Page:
My reading tends to go in spurts of themes, and the Civil War has been the dominant theme over the past few months. Here are the most recent books to pass my reading stand, roughly in order of reading...
The Killer Angels, by Michael Shaara. This is a Pulitzer Prize winning novel that tells the story of the Battle of Gettysburg from the perspective of the battle's major players, including Lee, Longstreet, and Armistead on the Confederate side, and Buford and Chamberlain on the Federal side. The novel shines in many areas, including Chamberlain's holding of the Federal's extreme left flank at Little Round Top, the sheer insanity of Pickett's charge, and the tension between Lee and Longsteet over the right course of action. This novel was also used as the primary source for the 1993 movie, Gettysburg.
Gods and Generals, by Jeff Shaara. Written to be a sort of prequel to his late father's masterpiece, this novel continues Michael Shaara's technique of telling the Civil War story from the perspective of the central figures. Here we start back in 1858 and work up through to 1863, from the points of view of Chamberlain, Hancock, Lee, and Stonewall Jackson. Perhaps not as quite a masterpiece as his father's work, but nonetheless still very enjoyable. I think if I were to do it over again, I'd read this first, then read Killer Angels.
Landscape Turned Red: The Battle of Antietam, by Stephen Sears. With nearly 23,000 casualties, the Battle of Antietam remains the single bloodiest day in American history. We simply cannot imagine this today - twenty three thousand casualties in less than 24 hours. What I most liked about this book was the set up that helps us understand the significance of the battle itself - the political landscape with the threat of Britain and France supporting the war on the Confederate side, the role of the Emancipation Proclamation in stemming that threat to the Union, Lee's march into Maryland, the battle at Harpers' Ferry, and the Union discovery of Lee's Special Order 191 are all well told. The battle itself is told in full detail - at times I thought just a little too much detail. But still - twenty three thousand casualties. Can you imagine?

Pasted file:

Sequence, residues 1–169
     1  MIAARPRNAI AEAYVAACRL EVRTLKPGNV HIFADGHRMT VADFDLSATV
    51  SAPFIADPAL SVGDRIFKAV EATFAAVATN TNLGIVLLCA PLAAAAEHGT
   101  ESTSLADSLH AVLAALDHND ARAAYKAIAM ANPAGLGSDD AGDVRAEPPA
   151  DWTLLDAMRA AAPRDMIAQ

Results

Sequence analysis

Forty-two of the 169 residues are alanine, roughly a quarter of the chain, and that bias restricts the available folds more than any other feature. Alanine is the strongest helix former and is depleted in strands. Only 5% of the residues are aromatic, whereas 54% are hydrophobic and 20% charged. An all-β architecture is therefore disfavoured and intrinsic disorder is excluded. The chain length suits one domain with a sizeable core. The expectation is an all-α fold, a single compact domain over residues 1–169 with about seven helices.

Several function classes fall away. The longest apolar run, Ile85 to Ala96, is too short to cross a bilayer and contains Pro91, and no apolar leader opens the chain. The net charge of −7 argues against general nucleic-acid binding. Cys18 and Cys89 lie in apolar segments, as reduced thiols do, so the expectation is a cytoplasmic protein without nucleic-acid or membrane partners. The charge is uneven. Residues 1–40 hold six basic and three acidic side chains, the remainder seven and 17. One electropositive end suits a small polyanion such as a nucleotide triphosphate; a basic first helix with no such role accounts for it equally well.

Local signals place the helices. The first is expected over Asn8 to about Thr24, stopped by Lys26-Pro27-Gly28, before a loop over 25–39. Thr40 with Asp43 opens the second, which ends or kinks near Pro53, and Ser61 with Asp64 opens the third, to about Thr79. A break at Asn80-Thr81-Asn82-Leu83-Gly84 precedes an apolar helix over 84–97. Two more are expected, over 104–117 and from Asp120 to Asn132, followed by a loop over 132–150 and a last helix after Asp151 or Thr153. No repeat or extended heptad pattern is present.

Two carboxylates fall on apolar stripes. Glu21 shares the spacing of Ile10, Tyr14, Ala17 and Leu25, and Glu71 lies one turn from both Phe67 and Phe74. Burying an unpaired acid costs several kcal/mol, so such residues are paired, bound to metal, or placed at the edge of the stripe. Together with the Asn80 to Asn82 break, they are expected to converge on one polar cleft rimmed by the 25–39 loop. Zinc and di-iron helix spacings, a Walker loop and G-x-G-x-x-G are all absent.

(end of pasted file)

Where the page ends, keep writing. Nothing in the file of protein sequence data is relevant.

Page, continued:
1776, by David McCullough. What's a Revolutionary War book doing here? I snuck it in because I needed a short, quick read during a recent trip to California. This is an excellent read that goes from the seige of Boston, to the British success in driving the Revolutionary army out of New York City, to, of course, the Battle of Trenton. To me, Washington's growth as a commanding general really came through in McCullough's book. This book should be required reading in every high school history curriculum.
Grant Takes Command, by Bruce Catton. An excellent look at Grant from just before he was given overall command of the Federal forces in 1863 through to end of the war. I'm about half way though this book right now.
Up next... probably David McCullough's John Adams. Yea, yea, I know...back to the Revolution!